Homeland Security

By Brian Naylor

Funding for the Department of Homeland Security would be up $1 billion to $43.6 billion under President Obama's fiscal 2011 budget. The sprawling department's mission includes everything from guarding the nation's borders to protecting the nation's information networks.

The budget includes $734 million to deploy new Advanced Imaging Technology (the so-called full-body scanners) and new explosives detection equipment for the nation's airports. There is $4.6 billion to support 20,000 Border Patrol Agents and to complete the first segment of the virtual fence along the nation's border with Mexico. The proposal also includes $1.6 billion for Immigration and Customs Enforcement programs to "expeditiously identify and remove" from the United States illegal immigrants who commit crimes. There's $4 billion in state and local programs for equipping, training, and hiring first responders and $364 million to protect federal computer systems and the Internet from cyberattacks.

Analysis: Homeland Security is one part of the president's budget that continues to grow. That said, the Obama administration is shifting its priorities. The administration wants to spend less on that virtual fence with Mexico and on cybersecurity than last year. In the wake of the attempted Christmas Day bomb plot, the White House is boosting funding for airport baggage screening along with more money to hire federal air marshals to sit on international flights and for counterterrorism and preparedness grants.


By Ari Shapiro

The president's fiscal 2011 budget includes $29.2 billion for the Department of Justice, an increase of $2 billion over the previous year.

The budget includes $73 million for the transfer, prosecution and incarceration of Guantanamo Bay detainees. It also allocates $237 million to acquire, renovate and staff Thompson prison in Illinois. The administration plans to use Thompson as an indefinite detention facility for roughly 50 Guantanamo detainees deemed unsuitable for trial or release.

The biggest jump in funding comes in assistance for state, local and tribal law enforcement. The second-highest increase is in money for prisons, detention and judicial security.

Analysis: This budget suggests that Guantanamo prison may not close during President Obama's first term. Congress can enact the budget no earlier than October 1, 2010, and the federal government cannot acquire Thompson prison until then. Then Thompson must be renovated and staffed. At a Justice Department briefing, Assistant Attorney General Lee Lofthus said detainees may arrive at Thompson in the first months of 2012 at the earliest. Closing Guantanamo was one of Obama's key campaign promises, and it would be a political liability for him to run for reelection with the detention center still open.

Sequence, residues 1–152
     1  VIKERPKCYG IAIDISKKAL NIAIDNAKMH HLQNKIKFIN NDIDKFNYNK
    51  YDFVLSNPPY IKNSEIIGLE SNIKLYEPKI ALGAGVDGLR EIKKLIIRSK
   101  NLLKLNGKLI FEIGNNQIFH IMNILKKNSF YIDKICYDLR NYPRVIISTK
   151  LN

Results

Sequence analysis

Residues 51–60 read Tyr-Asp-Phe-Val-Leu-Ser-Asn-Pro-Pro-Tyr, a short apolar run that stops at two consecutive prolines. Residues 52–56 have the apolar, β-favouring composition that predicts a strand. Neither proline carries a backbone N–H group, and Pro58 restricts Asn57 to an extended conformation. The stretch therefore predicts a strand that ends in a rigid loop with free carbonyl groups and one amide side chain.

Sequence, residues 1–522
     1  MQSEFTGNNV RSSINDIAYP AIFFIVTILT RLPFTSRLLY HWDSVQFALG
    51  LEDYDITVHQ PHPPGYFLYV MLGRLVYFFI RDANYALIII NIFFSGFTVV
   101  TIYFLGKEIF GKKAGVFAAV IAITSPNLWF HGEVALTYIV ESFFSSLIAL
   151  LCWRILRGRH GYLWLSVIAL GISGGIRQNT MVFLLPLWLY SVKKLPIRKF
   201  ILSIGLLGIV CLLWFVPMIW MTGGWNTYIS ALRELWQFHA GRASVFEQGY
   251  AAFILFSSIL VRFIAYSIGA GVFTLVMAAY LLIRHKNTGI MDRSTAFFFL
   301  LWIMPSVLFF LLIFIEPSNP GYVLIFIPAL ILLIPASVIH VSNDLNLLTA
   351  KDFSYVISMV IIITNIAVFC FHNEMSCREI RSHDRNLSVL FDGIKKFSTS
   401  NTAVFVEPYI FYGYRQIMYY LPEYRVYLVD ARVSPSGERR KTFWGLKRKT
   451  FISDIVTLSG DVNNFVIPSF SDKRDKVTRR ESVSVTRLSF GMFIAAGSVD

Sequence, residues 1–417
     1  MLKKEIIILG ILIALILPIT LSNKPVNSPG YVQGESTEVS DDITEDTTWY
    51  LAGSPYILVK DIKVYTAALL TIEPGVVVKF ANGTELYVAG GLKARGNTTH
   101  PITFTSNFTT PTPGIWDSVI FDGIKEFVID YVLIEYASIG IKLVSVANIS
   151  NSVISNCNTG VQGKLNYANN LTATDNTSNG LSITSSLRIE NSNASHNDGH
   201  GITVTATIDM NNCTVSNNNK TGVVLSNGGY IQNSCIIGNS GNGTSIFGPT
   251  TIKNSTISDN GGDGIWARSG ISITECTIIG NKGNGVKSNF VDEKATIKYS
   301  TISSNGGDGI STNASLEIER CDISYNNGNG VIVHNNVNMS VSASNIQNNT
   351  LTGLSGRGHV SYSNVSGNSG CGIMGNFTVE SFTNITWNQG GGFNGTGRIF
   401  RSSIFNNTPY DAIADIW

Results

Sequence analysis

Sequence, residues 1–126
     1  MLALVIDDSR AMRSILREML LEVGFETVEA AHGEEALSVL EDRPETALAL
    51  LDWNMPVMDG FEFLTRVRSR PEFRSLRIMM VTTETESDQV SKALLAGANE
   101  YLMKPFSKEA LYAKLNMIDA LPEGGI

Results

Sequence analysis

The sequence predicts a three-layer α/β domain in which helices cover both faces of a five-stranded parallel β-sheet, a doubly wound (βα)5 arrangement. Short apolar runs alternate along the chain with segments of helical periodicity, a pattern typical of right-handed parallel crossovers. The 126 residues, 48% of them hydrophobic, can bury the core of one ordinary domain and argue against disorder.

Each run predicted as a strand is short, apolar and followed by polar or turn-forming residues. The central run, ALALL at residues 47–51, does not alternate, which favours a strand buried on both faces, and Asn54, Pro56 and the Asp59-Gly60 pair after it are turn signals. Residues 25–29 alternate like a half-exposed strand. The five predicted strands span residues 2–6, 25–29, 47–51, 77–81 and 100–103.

Space Exploration

By Nell Greenfieldboyce

The NASA budget for fiscal year 2011 would give the $18.7 billion space agency a substantial financial boost — an additional $6 billion over five years — while dramatically changing the direction of future human exploration. The budget would kill the Constellation program, a new system of rockets and space capsules that NASA has been pursuing to return astronauts to the moon by 2020. That program was to be the successor to the nearly 30-year-old space shuttle program, which is due to be retired after just five more flights. But the budget documents say Constellation was "over budget, behind schedule and lacking in innovation." Instead, the budget would fund NASA to contract with private industry to provide astronaut transportation to the international space station as soon as possible.

The budget also provides funds to extend the life of the space station past its previously planned retirement date of 2016.

Analysis: For several years NASA has been touting its planned return to the moon and the eventual creation of a permanent manned lunar outpost. In this new budget, that vision appears to be dead.